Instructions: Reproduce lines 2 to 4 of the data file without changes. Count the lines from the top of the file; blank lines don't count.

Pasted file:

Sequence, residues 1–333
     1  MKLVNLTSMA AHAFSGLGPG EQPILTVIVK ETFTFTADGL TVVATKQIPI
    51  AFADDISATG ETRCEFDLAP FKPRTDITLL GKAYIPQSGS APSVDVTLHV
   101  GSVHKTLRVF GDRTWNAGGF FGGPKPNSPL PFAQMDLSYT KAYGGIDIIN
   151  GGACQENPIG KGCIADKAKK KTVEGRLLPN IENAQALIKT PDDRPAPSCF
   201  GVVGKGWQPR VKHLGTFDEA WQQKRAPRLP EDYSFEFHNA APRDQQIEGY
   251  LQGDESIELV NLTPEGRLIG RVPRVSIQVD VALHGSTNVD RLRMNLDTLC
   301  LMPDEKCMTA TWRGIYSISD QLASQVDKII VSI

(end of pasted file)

     1  MKLVNLTSMA AHAFSGLGPG EQPILTVIVK ETFTFTADGL TVVATKQIPI
    51  AFADDISATG ETRCEFDLAP FKPRTDITLL GKAYIPQSGS APSVDVTLHV
   101  GSVHKTLRVF GDRTWNAGGF FGGPKPNSPL PFAQMDLSYT KAYGGIDIIN